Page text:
No Pseudonymity as to PTSD-Based Lawsuit About City Siren

Starting at Doe v. City of LudingtonJudge Hala Jarbou (W.D.) ruled today in favor of the petition. Mich.)

Anonymously, plaintiffs sued the City of Ludington over the relocation and reconnection of a siren located in Copeyan Park downtown Ludington. The move allegedly increased Plaintiff John Doe’s posttraumatic stress syndrome (PTSD), from two tours of service in Afghanistan and one in Iraq as part of the American Armed Forces. Plaintiffs assert that Plaintiff John Doe has been violated by the City in violation of the Americans with Disabilities Act and Federal Fair Housing Act. They claim the City refused to allow Plaintiffs reasonable accommodation, such as using the siren only for emergency situations. Plaintiffs also allege pendant state claims for nuisance, city code violations, and a request for injunctive relief….

Presumption of open proceedings in judicial proceedings begins the court process. Federal Rules of Civil Procedure usually require that all parties be named in a complaint. Fed. R. Civ. P. 10(a). A plaintiff may proceed anonymously only in exceptional circumstances …. Plaintiffs have failed to demonstrate that their privacy interests substantially outweigh the presumption in favor of open judicial proceedings….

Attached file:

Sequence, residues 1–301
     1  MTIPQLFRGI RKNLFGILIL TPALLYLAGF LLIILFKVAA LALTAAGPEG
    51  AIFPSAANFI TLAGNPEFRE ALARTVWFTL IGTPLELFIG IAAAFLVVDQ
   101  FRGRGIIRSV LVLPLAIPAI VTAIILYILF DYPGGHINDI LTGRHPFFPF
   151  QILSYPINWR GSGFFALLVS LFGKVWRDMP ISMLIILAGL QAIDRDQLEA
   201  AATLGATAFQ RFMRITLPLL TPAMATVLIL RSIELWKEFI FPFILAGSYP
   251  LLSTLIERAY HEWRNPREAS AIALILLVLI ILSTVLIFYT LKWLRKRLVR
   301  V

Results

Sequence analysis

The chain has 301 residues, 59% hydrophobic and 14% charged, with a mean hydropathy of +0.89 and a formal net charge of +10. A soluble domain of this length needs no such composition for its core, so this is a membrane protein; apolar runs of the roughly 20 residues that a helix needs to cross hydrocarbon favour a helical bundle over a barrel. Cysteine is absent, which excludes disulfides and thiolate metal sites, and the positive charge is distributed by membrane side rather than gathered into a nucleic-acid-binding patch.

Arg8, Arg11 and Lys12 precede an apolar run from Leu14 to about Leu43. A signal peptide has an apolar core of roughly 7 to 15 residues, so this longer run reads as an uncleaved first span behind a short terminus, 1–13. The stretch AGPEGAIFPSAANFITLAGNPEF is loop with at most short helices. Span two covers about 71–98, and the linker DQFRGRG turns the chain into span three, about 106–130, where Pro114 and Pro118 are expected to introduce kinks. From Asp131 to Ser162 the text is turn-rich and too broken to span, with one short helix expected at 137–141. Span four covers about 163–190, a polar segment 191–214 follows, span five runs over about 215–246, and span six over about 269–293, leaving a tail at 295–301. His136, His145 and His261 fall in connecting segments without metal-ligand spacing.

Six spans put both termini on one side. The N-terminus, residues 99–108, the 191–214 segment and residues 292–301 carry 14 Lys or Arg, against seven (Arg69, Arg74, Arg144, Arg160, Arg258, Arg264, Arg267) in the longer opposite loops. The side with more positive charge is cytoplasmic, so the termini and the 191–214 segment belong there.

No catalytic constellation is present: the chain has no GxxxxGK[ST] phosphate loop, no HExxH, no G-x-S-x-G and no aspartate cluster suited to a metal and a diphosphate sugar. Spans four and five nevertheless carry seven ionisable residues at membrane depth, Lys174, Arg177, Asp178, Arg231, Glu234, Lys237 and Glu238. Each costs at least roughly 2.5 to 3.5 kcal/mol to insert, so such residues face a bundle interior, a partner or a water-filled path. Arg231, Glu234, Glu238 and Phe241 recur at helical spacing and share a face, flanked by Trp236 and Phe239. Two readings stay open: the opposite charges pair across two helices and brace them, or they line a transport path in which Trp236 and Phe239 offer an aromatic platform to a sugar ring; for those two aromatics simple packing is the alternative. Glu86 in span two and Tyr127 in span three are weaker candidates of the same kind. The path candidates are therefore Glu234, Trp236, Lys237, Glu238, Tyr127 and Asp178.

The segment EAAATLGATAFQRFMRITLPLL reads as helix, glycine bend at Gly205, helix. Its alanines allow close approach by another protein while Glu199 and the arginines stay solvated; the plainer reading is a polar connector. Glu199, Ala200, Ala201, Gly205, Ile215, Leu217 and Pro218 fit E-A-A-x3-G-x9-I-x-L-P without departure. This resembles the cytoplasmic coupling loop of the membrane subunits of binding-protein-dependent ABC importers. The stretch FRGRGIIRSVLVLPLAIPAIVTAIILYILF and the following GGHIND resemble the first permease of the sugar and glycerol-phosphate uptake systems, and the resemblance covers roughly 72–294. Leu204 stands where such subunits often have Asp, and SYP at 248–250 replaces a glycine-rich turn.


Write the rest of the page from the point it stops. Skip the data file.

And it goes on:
Fears that they will be stigmatized and/or damaged reputations by others are not sufficient to justify open judicial proceedings. These fears are insufficient to justify an exception. This is particularly true in this case, since the identities of Plaintiffs are known. {Justin Cooper, Copeyon park Siren approves City Settlement talksLudington News, Mar. 15, 2022), [URL].} The public interest in guaranteeing open access to judicial proceedings requires a heavy basis to overcome…. The Court of Justice’s proceedings must be made public. This is one of its essential characteristics. … Plaintiffs have failed to meet this burden….

In order to move forward with litigation, Plaintiffs will need to file an amended petition in full name within seven days after the Date of this Order. If they fail to comply, the Court may dismiss the case for lack of prosecution….

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The Complaint provides more information about the case.